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How to Find Your Artistic Style

How to find your artistic style

Your world view and how you express it is your style. We edit out so many things subconsciously and make choices on what to and what not to create. What do you choose to create when you can choose? What moves you?


All artists secretly long for an artistic style so different and unique from others they will be unmistakable. When I was in college, having an artistic style was a big source of anxiety. What if my work just looked like everyone else? How would I be different when we were all learning to do the same things? 


When you push yourself to experiment and grow every day, you will build your artistic style organically over time.

Parents know this anticipation as babies grow. What will their personalities be like? They are revealed slowly, day by day. Every interaction, every step, every person they meet and experience babies have reinforces or helps develop their personalities and attributes.

Our creative style is built the same way. Sure, you can learn by copying the style of other artists. At some point though you need to let go and stand on your own feet. You will take the training wheels off and notice you are creating work that is your own. That doesn’t mean you aren’t creating a visual commentary on others you have studied or seen. It is hard to create anything that does not reference something else. Art and creativity in all disciplines is both a response to the past and a bridge to the future.


There is no shortcut to finding your artistic style.

Yes you could make a conscious choice to use certain tools or create an extreme niche. It is human nature though to change and grow. To not grow is to stagnate. This sounds wrong. What about famous artists like Matisse and Van Gogh? Their work is so recognizable and iconic. If you take a closer look and study them, and in particular study more modern artists such as Picasso and Dali, you will find that even though they became famous for a small number of iconic works, their actual creative style evolved and changed over time.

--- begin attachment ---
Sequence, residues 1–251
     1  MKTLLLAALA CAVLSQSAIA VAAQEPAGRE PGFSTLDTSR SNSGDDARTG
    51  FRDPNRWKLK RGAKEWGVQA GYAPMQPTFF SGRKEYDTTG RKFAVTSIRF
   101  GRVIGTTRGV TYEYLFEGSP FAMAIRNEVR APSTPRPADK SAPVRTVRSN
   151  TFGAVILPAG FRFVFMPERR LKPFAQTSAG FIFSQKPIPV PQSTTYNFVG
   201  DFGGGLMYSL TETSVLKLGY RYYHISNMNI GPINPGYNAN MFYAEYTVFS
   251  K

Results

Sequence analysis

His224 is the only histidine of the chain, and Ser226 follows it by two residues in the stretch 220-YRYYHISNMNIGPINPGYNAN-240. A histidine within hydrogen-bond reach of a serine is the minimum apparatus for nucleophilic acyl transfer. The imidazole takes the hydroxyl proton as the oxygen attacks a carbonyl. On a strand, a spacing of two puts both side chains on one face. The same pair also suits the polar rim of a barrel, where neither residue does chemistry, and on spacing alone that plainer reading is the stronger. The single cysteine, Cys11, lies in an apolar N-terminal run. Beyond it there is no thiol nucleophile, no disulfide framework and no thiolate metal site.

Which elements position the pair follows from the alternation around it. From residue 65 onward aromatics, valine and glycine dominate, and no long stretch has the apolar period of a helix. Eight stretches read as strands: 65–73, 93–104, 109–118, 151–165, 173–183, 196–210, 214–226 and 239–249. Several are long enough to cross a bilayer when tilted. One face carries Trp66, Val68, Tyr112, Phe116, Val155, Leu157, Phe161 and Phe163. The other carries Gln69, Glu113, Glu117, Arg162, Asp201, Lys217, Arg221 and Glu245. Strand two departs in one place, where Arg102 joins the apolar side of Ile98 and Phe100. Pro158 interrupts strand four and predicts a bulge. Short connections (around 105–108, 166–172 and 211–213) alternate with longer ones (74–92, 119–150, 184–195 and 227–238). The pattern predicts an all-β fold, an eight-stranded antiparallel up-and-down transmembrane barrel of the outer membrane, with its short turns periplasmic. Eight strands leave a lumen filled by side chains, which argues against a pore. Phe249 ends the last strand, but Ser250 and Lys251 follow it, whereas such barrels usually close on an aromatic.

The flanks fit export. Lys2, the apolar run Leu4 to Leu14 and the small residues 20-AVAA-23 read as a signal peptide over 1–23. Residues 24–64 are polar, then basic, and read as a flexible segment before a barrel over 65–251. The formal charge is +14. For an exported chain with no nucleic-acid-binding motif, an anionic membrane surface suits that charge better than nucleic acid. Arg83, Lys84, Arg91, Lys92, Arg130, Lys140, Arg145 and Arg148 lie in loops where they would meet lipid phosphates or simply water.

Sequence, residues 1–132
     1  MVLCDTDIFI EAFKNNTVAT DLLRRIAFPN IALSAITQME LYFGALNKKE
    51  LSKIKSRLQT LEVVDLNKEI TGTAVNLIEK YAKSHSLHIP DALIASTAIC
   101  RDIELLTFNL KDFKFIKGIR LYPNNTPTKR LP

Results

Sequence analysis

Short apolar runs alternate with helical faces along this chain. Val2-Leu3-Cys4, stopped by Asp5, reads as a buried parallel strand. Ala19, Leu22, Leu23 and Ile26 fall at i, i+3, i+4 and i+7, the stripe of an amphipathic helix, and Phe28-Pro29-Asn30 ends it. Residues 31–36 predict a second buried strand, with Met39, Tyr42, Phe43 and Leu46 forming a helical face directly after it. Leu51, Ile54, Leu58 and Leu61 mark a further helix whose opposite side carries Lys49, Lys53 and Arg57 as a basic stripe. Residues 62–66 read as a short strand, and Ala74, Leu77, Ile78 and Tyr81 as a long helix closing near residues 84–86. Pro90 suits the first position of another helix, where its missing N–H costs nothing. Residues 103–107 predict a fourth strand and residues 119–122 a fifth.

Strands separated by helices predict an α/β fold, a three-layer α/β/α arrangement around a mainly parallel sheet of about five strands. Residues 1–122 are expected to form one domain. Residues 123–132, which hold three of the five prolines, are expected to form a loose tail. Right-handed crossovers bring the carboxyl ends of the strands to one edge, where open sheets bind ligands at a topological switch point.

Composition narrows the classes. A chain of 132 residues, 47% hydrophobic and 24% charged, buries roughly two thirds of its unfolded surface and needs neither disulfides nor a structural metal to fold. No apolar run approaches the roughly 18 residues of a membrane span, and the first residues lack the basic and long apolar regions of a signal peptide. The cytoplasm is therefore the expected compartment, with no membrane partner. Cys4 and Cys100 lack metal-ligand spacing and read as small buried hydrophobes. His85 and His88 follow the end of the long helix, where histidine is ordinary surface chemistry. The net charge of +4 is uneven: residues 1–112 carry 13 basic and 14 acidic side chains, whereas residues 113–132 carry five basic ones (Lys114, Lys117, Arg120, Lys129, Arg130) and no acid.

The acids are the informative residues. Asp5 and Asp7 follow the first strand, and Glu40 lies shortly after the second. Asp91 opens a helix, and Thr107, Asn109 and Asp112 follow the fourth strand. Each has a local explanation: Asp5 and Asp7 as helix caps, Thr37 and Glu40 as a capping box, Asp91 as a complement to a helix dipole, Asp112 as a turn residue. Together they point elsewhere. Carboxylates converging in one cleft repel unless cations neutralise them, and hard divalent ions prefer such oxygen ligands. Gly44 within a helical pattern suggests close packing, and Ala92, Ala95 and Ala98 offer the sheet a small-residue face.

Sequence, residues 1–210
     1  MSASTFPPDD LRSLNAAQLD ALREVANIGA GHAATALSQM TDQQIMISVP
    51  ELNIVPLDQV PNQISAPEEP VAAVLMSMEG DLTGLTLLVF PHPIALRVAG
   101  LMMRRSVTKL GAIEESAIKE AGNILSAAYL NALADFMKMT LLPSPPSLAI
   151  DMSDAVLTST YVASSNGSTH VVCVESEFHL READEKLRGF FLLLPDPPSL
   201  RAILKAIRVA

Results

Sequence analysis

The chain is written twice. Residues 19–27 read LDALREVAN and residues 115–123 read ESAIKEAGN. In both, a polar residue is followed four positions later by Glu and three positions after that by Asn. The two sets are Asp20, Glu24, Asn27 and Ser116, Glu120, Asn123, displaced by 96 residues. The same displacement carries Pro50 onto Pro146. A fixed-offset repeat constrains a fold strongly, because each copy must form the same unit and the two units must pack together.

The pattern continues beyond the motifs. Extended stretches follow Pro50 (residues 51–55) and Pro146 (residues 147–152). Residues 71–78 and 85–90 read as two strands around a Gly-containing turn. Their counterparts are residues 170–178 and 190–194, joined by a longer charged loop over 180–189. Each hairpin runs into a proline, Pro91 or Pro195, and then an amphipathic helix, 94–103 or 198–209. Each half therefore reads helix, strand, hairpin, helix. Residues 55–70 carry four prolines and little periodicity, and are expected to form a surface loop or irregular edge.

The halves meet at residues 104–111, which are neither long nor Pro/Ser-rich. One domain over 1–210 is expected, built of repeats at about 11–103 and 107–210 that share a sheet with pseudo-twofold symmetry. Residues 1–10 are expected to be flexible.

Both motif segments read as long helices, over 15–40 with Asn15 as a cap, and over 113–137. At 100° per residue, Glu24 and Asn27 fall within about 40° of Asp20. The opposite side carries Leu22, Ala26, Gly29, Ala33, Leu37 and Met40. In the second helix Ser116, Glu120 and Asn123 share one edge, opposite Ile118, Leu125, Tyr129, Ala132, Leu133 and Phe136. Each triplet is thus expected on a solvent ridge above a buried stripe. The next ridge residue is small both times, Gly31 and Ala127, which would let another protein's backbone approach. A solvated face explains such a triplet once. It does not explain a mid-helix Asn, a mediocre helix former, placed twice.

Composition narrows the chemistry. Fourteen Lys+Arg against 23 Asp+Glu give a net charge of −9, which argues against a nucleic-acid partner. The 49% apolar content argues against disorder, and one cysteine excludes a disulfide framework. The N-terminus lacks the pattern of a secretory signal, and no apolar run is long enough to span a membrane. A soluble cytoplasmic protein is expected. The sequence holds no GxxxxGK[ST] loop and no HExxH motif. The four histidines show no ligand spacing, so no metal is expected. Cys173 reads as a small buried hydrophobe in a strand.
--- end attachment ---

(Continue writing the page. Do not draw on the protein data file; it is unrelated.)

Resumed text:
As you continue to draw and paint, you will develop your style organically. The choices you make in line work, color palette, subject matter, symbols, shapes and medium all are part of what makes up your style.


Four Ways to Nurture and Develop Your Artistic Style

  1. Learn the basic techniques of your chosen medium. Go beyond the steps and find out why. By knowing WHY these techniques are used, you can make a informed decision on when to use them and build on them to make your own.
  2. Technique choices affect more than the work itself. It affects people’s perception. Their emotion. Does it look the same up close or at a distance? Are the colors jarring? Are shapes distinct far away and blobs up close? Do you use perspective or do you deliberately distort features or objects?
  3. Study artists and other creatives you admire and explore their techniques. Matisse, Monet. Van Gogh, Titian. Tindell. Many artists were making statements with their work. They were expressing emotions, their world view, frustrations, pushing perceptions. All this because of the choices they made.
  4. Start creating. Just start and create. Pick a skill or technique or subject and create. It is only by creating that you will develop your style. It won’t happen while day dreaming or binge watching shows.


How will you know when you have a unique artistic style? You might not be the first to know! As a young artist, it was my line work in pencil and pen that was first noticed by a teacher as being an artistic style. What is great about starting with pencils and pens is you already have been taught to write as a child. When you write in cursive the hand writing is uniquely yours. The same will be true for your pencil and pen drawings after you have been practicing for a while.